Yes, but training may not be done on-line.
13. How do you create employer demand for the CRC?
Employers respond best to results. So, even if an employer has not heard of WorkKeys assessments or the CRC, he/she will be impressed with high quality job applicants and with demonstrated ROI data. Once they find out that the CRC can give them a competitive edge, employers will demand it.
14. Does an employer have to be using WorkKeys® profiles before he/she can use the CRC?
No. An employer who has not used profiling can ask for the CRC during the hiring process as a guide to applicant quality.
15. How do you get and keep employers engaged in the CRC initiative?
Our advice has been that, in order to maximize employer participation in any function, organizers must realize that private sector representatives work on schedules that generally limit meeting attendance to about 90 minutes. In fact, the best way to maximize employer attendance is to host meetings that span breakfast, lunch or dinner times, and to ensure that the meetings start and end on time.

Employers are looking for employees who are trainable, and they are often frustrated by the poor quality of the applicants who respond to job postings. They are too often disillusioned with the public education and workforce development systems, and while they are usually sympathetic to efforts to assist the chronically unemployed, they do not see these people as being the pipeline for their businesses.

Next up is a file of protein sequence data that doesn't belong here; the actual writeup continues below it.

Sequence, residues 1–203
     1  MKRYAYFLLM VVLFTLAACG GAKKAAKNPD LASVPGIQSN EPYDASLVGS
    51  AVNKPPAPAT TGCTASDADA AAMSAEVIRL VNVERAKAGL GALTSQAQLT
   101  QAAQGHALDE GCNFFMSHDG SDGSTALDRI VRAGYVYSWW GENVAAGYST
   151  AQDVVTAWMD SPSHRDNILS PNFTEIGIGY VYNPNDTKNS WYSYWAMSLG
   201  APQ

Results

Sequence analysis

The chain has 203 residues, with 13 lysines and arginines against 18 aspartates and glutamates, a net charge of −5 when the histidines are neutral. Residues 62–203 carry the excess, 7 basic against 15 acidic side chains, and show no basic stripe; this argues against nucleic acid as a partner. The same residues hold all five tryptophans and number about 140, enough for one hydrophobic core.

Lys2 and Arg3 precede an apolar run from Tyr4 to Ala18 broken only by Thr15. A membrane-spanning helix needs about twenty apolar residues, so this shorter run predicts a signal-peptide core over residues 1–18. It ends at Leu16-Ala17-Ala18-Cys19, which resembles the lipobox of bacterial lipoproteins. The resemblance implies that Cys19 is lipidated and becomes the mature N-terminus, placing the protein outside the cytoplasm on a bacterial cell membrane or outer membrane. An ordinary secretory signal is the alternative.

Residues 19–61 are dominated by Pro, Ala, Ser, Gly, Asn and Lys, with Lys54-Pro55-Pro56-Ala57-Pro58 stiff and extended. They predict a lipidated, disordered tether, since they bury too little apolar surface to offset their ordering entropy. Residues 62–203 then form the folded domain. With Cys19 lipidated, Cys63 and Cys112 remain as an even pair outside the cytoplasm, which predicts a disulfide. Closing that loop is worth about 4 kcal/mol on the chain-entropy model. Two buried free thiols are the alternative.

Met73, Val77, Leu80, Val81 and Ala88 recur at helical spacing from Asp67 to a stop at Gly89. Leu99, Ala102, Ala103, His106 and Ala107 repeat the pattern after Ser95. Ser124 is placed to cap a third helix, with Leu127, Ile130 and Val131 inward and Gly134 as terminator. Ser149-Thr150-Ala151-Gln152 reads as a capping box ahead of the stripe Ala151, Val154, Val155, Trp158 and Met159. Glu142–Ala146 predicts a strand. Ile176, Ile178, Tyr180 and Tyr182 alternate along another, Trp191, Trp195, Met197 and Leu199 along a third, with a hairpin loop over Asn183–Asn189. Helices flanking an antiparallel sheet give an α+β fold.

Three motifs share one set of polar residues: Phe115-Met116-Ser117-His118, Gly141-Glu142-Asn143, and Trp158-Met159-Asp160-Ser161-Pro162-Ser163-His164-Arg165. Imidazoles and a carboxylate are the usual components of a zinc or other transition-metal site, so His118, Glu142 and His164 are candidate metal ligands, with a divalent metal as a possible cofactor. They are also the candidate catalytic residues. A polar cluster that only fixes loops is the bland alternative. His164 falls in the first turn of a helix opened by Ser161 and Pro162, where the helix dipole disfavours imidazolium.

When the CRC concept is first introduced to employers therefore, it is essential that these realities be taken into account. If a vendor, an educator, or even a high ranking professional presents the CRC as “the answer”, many employers will be turned off the CRC as “just another education project”. Similarly, if the message is delivered by a vendor or workforce development professional, employers may well misinterpret the CRC as another “feel good” or revenue generating initiative.

It is also important to realize that, once employers accept and become enthusiastic about a new initiative, they want it implemented immediately. It is best not to include employers in CRC discussions unless and until you are ready to begin work on its development.

Employers respond best to data that show a positive impact on their bottom line. So, there are important things to communicate at the outset: